6. Very cool!! We recently purchased a condo in Chicuxlub and would love to have a mural on the living room wall or possibly a sign for my business back home!! Do you have an address and phone number for Jose?

  7. Hola Rusty,

    Jose’s shop is located in the centro, on the corner of Calle 64 and 49a. If you look closely at the facade of his little shop in the photo above, you’ll notice that his phone number is (999) 985-1462.

  8. Little does Josè know but…he has now became Meridas most famous sign painter at this point in time. The Working Gringos should of left their names to thank them for their interpetation of a Mexican Sign Painter, I really enjoyed the story from persons of the outside world of sign painting…to recognize the art of hand painted signs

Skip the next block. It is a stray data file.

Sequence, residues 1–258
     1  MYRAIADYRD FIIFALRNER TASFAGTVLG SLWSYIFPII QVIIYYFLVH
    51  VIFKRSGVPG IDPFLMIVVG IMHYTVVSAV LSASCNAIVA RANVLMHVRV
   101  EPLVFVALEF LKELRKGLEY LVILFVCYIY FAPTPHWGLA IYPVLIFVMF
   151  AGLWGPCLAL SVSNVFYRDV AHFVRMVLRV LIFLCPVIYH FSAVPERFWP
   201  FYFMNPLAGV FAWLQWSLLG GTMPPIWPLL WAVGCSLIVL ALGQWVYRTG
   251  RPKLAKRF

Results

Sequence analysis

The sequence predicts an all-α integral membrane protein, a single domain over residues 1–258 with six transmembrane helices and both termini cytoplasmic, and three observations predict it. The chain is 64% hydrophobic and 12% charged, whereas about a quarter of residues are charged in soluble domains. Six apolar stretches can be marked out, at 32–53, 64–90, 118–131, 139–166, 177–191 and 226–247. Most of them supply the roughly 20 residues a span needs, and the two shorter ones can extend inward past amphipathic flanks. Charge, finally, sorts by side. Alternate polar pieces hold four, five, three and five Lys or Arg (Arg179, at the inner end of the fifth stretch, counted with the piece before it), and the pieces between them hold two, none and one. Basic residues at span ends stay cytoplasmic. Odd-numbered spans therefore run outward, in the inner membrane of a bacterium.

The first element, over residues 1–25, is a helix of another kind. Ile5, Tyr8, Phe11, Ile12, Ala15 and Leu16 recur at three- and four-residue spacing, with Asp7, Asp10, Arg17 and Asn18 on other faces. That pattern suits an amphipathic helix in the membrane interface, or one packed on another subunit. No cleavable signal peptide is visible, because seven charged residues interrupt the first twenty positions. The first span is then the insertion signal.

9. Thank you, Francisco! By the look of your website, it seems that you know your sign painting! If you like old-time hand-lettered signs, be sure to visit Merida someday.

  10. I love the rotulos that you can find all over Mexico! And I didn’t even know what they were called. I usually don’t pay much attention to advertising, but when I’m in Mexico I can’t help but notice all of them. Nice story :)

  11. José Góngora es mi tío pero yo vivo en el distrito federal el teléfono de el es el 9851462 en Mérida o su celular es 9991912282 es un artista de la pintura yo tengo varios cuadros de el tanto a óleo como a lápiz y son hermosos. sus precios son muy economicos.

    Translation: Jose Gongora is my uncle, but I live in Mexico City. His telephone number in Merida is 985-1462 or his cell phone is (999) 191-2282. He is a painter, and I have several works of his, many in oils and in pencil, which are very beautiful. His prices are very economical.

  12. La critica es buena si es constructiva pero el arte es dificil, y solo aquellos que la intentan lograran sentir que el arte vive dentro de ellos, un don regalo del cielo.